I have a very high volume, document intensive practice. When I first wrote this article on October 29, 2005, my wife and I had saved 970 documents (46 documents a day excluding weekend days) in the previous month. Most documents we save are documents we create, but we also scan and save a lot of incoming correspondence and other documents. I can easily determine how many documents we save a month by looking at the document number (in my document management system) of the first document we create in any month and the comparing that number to the number of the latest document we create in a month.
For a solo or small firm, it is very easy and relatively inexpensive to create a paperless law office. I am extremely happy I made the switch. I can find any letter, document, notes of a meeting, Excel spreadsheet, .pdf document, Power Point Presentation or piece of paper that relates to a client, matter or contact in a few seconds and have it displayed on my computer monitor. It’s a wonderful thing. All of our six attorneys and our legal assistants and secretaries love our paperless system because it is much easier and less time consuming than filing hard copies in a file in a file cabinet.
My small law firm now has four attorneys and four legal assistants. We continue to create a lot of paper documents – over 1,500 a month.
Why Paperless if Good
There are several reasons why a paperless office is the way to go:
- It saves the time and expense of having people file documents in traditional hard copy files.
- It saves the expense and headaches of file storage.
- It saves the expense and time delay of getting documents from closed storage.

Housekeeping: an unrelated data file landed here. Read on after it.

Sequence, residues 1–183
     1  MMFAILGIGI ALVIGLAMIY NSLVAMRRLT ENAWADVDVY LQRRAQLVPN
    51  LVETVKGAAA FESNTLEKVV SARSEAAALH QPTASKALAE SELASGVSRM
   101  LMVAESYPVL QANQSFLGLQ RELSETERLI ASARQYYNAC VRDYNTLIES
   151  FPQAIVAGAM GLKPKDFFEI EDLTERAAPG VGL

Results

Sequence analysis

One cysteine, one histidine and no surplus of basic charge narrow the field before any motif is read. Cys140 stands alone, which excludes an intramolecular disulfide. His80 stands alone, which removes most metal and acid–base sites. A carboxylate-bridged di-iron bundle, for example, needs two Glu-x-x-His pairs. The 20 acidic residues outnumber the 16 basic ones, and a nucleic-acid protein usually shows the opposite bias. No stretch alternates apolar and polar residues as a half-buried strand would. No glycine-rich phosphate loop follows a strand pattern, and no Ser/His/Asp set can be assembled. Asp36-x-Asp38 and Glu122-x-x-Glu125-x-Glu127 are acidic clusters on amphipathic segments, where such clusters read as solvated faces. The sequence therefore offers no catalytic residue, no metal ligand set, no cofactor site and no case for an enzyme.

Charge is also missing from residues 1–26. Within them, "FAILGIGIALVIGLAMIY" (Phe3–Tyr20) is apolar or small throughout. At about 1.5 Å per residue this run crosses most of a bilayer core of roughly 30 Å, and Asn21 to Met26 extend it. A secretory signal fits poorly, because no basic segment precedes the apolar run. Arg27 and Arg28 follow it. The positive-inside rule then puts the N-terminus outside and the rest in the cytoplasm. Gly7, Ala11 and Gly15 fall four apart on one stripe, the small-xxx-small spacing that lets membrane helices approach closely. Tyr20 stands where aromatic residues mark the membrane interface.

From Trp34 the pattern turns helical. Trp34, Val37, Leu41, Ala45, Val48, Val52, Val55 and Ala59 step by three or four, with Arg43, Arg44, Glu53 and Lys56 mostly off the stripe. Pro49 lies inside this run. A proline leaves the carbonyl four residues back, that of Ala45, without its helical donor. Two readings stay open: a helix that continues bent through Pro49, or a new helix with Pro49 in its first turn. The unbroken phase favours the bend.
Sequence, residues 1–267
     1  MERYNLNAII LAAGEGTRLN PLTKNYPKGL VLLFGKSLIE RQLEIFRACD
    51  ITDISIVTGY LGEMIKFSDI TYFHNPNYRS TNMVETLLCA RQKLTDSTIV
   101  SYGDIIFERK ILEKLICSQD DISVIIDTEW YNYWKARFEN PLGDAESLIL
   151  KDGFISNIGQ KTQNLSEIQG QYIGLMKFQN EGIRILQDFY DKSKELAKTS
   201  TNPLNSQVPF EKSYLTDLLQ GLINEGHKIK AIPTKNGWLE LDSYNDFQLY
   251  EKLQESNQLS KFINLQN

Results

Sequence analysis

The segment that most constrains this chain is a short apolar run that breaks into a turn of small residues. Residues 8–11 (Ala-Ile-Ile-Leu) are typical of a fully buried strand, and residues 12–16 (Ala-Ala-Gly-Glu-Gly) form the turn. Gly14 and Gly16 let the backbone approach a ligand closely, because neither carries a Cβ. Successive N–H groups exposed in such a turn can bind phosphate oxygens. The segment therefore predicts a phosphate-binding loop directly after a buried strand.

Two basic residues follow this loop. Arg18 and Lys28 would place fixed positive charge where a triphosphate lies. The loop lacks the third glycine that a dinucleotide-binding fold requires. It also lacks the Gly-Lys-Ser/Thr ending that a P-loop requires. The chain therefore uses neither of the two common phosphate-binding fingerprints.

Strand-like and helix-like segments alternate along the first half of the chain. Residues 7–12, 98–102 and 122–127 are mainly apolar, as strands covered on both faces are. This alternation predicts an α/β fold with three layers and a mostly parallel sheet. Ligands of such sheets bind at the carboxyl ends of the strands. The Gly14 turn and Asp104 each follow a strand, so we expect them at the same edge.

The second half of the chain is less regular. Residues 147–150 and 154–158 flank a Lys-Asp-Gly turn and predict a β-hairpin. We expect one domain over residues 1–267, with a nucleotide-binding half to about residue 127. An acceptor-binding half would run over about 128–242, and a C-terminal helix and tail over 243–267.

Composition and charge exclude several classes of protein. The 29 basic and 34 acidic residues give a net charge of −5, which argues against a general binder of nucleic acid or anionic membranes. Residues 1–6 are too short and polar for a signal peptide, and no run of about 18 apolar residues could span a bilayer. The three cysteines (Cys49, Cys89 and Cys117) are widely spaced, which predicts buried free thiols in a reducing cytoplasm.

- It’s green and doesn’t adversely affect the environment.
- If your building is destroyed or your office vandalized, your documents are safe and not affected (assuming you have a proper backup system).
- With a good document management system attorneys can attach security to every document so that only authorized people can access the document.
- It allows firm lawyers and personnel to have almost instant access to documents.
My favorite reason for being paperless is the last item. If somebody calls and asks me a question about a document in our system, I can find and open a signed copy of the document in pdf format in a matter of seconds. People who do not know we are paperless are frequently shocked that I can access their document so quickly.
Hardware & Software Needed to Go Paperless
Here’s how we went paperless:
1. In 2004 I bought two Xerox Documate 252 scanners (one for me and one for my wife, my legal assistant) for about $900 each. It’s about the size of a shoe box and sits next to our flat panel computer monitors. It has a very small footprint. Now every attorney and legal assistant has a personal scanner on his or her desk. Personal scanners on people’s desks are absolutely necessary if you truly want to be 100% paperless. You must make it simple and convenient for everybody in the firm to scan documents and input the documents into your document management system (another must have item of law office technology).